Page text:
This QGEA policy is published within the QGEA which is administered by the Queensland Government Chief Information Office. It was developed by the Queensland Government Chief Information Office and approved by the Queensland Government Chief Information Officer.

Guidance

Further information

The Queensland Government Enterprise Architecture (QGEA) Policy on ICT hardware currency requires agencies to retire or update ICT hardware with a medium or high business impact before it reaches end-of-service-life (EOSL) support unless the risk of not doing so has been formally accepted by the agency.

EOSL refers to ICT hardware that is no longer manufactured or supported. Terminology for EOSL varies between vendors, however, most vendors will have an end-of-life (EOL) announcement stipulating when the manufacturing or product ordering will end followed by an end of service life EOSL that stipulates when support for the ICT hardware will end. The Hardware currency policy is supported by the Queensland Government’s ICT Planning Methodology and the Procurement and disposal of ICT products and services policy (IS13) and implementation guideline.

ICT planning methodology linkages

The recommended method for planning ICT hardware is through the Queensland Government’s ICT planning methodology. Activity A5 within the ICT planning methodology collects information about each of the agencies technology assets. A recommended structure for a technology assets register is provided in the ICT planning method which includes an ‘Anticipated End-of-Life or Next Turnover’ column. This column should continue to be used for the agencies expected end of life for the asset but an additional column documenting the vendor’s EOSL should also be included in the technology asset register to help in the assessment of the asset and development of the asset management strategies. Note that the ICT Hardware currency policy only requires that this EOSL be assessed for assets having a business impact of medium or high. An agency may choose to additionally provide EOSL information for all ICT technology assets.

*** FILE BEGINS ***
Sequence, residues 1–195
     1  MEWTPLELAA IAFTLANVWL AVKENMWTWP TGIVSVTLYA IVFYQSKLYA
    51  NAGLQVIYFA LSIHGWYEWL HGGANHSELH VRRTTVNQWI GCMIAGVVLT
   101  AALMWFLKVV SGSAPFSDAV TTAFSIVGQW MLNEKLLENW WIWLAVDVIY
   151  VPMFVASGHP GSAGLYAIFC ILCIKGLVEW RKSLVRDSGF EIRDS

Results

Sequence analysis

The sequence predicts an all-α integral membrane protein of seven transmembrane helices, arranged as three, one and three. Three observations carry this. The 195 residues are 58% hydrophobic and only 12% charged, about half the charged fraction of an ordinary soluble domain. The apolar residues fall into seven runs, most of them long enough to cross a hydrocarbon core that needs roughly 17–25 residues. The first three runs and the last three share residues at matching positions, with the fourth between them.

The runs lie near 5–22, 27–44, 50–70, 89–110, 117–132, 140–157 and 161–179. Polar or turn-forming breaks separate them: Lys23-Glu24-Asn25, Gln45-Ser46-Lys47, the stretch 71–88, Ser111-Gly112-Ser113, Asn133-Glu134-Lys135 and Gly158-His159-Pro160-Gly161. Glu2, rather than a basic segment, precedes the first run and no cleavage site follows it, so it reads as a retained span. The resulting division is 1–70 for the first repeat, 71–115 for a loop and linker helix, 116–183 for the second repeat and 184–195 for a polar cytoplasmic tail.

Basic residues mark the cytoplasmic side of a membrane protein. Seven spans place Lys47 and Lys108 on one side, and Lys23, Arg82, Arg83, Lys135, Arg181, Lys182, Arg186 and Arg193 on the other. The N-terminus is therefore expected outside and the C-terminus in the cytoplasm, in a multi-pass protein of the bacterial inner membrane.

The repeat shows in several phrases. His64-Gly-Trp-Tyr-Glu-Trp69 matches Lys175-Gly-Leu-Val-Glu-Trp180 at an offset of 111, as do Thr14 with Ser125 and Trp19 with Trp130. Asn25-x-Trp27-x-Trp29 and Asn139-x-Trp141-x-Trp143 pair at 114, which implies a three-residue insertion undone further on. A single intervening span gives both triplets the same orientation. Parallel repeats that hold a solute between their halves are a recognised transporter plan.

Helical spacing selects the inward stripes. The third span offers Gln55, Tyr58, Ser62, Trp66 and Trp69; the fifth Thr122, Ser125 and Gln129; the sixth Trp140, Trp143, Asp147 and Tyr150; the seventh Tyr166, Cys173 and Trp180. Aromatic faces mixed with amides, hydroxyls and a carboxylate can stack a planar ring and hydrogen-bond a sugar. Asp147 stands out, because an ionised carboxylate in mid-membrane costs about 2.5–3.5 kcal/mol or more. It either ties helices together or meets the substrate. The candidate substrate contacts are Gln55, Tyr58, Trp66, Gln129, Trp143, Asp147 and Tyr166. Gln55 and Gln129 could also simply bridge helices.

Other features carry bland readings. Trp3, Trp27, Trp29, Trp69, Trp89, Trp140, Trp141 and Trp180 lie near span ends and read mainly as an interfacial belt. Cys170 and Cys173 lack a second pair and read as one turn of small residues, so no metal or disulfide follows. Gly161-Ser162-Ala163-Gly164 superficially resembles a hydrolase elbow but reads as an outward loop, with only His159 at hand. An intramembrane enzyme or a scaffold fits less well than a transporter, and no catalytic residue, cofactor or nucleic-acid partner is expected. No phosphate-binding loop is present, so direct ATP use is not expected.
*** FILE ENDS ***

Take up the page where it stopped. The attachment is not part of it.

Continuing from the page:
The ICT planning methodology technology assessment of technical condition includes three characteristics that indirectly relate to EOSL. These are protection, vendor support and maintainability. It is recommended that in addition to these characteristics, explicit attention to EOSL is given during the A5.4 Analyse Technology Portfolio step of the ICT planning methodology.

The ICT planning methodology also includes a section on asset lifecycle (refer Section 3 - appendix I). This relates to the overall phase of use of a technology within the agency and doesn’t apply to the life of the specific versions of a technology product.

Formal approval of the ICT hardware currency plan

Recommended best practice is that identification of ICT hardware replacement strategies be done within the agency’s overall ICT work plan and not as a separate document. As such, ICT assets approaching EOSL should be identified within the technology profile and within the ICT work plan, and that approval of this be within the agency’s normal ICT planning approval process.


Last Reviewed: 04 April 2016